A former head of the governing body for football in South America was sentenced to nine years in prison by a U.S. judge on Wednesday for crimes stemming from the bribery scandal that engulfed the sport three years ago, a spokesman for prosecutors said.
Juan Angel Napout, 60, was sentenced by U.S. District Judge Pamela Chen in Brooklyn, New York, who also ordered him to pay more than $4.3 million in financial penalties, according to John Marzulli, a spokesman for U.S. Attorney Richard Donoghue.
Juan Angel Napout, 60, was sentenced by U.S. District Judge Pamela Chen in Brooklyn, New York, who also ordered him to pay more than $4.3 million in financial penalties, according to a statement from the office of U.S. Attorney Richard Donoghue.
"Napout's conviction, as well as the successful prosecution of other high-level soccer officials, has struck at the core of corruption in soccer and underscores the need for continued vigilance against fraud and bribery in the sport," Donoghue said in a statement.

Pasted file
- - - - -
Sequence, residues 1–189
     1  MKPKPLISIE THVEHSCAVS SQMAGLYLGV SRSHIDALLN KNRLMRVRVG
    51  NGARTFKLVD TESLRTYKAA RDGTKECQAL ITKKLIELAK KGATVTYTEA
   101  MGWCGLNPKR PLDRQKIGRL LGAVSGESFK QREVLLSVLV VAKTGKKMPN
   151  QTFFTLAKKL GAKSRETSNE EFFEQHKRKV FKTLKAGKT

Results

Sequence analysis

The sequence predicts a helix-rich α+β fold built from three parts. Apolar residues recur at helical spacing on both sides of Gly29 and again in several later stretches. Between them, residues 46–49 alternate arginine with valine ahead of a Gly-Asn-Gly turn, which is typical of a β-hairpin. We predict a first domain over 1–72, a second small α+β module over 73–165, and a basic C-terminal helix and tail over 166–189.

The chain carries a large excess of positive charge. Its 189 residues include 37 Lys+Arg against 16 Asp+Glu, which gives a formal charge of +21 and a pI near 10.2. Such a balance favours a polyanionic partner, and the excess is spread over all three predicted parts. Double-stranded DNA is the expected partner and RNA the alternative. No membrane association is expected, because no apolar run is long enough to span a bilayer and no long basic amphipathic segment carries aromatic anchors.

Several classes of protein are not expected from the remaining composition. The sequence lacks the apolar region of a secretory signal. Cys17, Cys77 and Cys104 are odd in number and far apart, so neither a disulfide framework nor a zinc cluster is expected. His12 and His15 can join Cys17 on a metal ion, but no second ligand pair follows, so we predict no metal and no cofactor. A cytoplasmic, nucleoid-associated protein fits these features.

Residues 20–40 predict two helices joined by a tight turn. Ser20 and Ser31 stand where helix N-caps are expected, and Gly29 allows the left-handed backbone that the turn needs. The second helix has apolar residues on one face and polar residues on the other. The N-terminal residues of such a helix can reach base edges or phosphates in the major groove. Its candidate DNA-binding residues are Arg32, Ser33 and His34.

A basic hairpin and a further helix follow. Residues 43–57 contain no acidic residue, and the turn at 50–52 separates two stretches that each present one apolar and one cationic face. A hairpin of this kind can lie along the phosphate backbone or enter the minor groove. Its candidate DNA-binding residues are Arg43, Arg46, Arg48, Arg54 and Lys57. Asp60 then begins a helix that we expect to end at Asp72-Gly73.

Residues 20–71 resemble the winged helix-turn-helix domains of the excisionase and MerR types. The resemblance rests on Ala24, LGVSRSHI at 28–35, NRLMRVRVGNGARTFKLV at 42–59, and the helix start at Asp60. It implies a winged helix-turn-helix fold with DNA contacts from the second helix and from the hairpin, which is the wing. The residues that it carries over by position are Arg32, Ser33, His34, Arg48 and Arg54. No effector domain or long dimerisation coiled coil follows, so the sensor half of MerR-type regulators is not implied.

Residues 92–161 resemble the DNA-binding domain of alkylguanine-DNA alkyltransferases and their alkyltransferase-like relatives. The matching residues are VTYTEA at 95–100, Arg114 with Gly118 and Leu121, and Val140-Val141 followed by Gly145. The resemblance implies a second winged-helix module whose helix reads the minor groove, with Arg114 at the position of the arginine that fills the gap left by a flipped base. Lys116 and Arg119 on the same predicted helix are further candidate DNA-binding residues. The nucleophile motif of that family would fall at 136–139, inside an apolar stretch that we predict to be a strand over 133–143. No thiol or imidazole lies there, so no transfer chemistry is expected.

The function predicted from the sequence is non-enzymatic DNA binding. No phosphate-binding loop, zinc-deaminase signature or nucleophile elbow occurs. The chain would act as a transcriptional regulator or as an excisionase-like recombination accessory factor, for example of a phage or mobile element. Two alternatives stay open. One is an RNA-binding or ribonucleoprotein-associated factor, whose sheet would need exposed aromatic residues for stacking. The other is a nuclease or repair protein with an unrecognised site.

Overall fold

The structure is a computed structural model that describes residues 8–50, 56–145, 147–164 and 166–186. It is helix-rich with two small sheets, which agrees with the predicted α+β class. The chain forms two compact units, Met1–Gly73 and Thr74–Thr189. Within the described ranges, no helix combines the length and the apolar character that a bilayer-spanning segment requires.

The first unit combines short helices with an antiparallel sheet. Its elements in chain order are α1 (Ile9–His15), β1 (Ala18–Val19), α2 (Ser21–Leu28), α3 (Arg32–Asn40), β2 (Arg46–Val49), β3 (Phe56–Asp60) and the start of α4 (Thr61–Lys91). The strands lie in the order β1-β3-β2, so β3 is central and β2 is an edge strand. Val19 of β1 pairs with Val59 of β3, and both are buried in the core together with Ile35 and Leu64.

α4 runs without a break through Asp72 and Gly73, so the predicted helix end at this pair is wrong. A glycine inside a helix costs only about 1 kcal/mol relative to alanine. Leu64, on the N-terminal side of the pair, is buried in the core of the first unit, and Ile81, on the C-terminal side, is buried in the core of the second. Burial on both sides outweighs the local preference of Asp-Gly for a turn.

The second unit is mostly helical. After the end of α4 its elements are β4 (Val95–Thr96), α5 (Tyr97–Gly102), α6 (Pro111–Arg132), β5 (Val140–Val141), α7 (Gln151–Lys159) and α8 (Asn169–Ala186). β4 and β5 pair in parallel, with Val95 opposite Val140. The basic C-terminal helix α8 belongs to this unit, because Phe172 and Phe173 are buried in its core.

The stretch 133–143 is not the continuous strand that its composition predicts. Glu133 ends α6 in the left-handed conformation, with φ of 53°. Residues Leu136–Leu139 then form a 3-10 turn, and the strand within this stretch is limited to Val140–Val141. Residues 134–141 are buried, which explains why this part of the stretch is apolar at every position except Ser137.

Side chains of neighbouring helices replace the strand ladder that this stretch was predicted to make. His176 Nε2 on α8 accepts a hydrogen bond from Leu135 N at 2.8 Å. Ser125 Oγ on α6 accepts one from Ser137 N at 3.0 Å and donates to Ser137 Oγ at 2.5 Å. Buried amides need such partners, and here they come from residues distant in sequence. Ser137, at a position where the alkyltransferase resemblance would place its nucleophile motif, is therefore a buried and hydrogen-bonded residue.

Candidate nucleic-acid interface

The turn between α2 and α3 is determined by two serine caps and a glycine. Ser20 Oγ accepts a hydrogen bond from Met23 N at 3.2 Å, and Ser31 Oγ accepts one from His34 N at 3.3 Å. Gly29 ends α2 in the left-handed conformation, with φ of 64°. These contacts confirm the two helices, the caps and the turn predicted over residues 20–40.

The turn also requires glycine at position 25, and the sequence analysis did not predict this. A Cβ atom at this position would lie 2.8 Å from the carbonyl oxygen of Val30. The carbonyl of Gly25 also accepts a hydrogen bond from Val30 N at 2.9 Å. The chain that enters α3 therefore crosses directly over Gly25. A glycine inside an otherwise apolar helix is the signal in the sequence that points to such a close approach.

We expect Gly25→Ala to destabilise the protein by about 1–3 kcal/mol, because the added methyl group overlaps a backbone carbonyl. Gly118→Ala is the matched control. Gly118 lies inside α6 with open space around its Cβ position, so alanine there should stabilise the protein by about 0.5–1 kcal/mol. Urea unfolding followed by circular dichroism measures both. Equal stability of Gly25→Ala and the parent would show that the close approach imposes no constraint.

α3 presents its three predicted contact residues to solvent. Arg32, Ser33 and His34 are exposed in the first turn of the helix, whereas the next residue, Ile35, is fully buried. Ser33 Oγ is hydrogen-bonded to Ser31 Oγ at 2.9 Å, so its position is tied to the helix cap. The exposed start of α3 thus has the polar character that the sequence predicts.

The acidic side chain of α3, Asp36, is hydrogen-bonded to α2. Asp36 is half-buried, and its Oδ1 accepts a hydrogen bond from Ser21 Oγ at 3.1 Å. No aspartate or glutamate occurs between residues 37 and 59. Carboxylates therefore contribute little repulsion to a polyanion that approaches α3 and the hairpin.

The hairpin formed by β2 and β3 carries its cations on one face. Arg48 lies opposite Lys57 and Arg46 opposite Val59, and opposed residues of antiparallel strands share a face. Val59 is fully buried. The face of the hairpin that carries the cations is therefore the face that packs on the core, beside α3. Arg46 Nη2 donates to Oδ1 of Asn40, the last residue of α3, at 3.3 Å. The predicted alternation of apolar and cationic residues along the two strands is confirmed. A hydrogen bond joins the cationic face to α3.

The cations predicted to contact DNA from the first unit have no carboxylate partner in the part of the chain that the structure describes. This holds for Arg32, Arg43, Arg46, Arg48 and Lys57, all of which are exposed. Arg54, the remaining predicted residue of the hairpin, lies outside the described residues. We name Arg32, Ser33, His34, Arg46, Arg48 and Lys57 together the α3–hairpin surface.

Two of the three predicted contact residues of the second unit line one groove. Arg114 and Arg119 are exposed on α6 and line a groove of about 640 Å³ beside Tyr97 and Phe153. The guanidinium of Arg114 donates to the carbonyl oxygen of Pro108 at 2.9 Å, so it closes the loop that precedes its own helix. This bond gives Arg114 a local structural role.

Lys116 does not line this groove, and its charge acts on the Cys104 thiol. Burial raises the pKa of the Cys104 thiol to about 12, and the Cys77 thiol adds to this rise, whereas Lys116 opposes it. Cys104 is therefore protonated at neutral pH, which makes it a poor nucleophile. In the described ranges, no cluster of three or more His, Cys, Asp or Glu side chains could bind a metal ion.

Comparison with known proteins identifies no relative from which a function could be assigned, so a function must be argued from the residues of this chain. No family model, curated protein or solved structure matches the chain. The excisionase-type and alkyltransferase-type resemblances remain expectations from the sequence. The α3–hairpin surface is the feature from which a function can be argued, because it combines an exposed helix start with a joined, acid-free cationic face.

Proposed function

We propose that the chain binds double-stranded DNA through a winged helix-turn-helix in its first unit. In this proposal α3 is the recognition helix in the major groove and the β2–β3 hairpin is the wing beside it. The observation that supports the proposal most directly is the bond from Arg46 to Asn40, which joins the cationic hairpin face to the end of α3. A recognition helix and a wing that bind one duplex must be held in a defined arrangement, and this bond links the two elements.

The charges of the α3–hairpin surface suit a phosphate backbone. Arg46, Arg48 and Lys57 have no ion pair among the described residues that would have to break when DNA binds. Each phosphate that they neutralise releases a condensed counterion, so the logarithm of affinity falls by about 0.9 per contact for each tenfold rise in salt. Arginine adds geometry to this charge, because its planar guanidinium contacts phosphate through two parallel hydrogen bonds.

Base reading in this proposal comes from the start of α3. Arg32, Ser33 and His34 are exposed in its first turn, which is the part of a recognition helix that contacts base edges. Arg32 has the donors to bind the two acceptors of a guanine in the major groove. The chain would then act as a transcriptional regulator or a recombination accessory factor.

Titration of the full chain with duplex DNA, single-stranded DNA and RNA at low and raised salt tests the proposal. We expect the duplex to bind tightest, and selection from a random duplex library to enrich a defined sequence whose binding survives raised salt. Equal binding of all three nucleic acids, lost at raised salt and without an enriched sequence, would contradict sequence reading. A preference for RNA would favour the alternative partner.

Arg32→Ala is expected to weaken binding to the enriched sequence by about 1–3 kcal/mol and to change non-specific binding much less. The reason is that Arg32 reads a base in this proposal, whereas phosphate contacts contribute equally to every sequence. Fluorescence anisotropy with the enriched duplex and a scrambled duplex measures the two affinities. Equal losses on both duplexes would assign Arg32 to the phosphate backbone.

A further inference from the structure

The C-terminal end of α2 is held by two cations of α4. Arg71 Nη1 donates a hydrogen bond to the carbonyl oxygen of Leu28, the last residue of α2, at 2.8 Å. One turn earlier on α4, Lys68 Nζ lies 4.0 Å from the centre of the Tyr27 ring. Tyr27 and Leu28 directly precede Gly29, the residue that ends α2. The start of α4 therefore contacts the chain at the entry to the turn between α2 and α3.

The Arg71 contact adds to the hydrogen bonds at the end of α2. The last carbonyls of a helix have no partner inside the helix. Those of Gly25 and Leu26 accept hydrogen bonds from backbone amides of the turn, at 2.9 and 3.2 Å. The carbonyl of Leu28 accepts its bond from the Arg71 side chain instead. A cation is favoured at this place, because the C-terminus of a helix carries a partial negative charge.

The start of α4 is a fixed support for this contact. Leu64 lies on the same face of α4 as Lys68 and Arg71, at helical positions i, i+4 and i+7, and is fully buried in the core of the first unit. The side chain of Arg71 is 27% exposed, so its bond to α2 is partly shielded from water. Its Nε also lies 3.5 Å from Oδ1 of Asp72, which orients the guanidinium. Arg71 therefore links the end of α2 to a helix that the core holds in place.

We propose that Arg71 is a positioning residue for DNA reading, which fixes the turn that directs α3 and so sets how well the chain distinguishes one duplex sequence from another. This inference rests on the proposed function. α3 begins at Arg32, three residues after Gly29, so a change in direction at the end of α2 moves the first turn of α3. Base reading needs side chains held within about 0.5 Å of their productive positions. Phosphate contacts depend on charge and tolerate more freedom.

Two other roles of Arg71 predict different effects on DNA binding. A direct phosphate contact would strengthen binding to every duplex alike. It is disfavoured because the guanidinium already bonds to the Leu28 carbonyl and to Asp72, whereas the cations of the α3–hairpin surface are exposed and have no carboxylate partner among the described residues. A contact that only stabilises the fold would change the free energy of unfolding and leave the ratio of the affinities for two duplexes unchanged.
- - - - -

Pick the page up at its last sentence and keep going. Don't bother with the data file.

"Of course we are disappointed with the nine-year sentence and plan to appeal both the verdict and sentence," Napout's lawyer Silvia Pinera-Vazquez said in an email.
Napout's lawyer, Silvia Pinera-Vazquez, could not immediately be reached for comment.
Napout had served as the head of the national football federation in his native Paraguay and, later, of South America's football governing body CONMEBOL. He was found guilty by a jury last December of racketeering conspiracy and wire fraud conspiracy.
Napout was tried alongside Jose Maria Marin, a former head of Brazil's football federation, who was also convicted last week and sentenced to four years in prison.
A third defendant at the trial, former Peruvian football official Manuel Burga, was cleared of all charges.
The three men are the only defendants so far to go to trial out of more than 40 people and entities charged by U.S. prosecutors in connection with the corruption scandal surrounding FIFA since 2015.
Prosecutors have described a sprawling scheme involving payments of more than $200 million in bribes and kickbacks in exchange for marketing and broadcast rights for football matches.
The prosecutors said that Marin and Napout each personally took millions of dollars in bribes.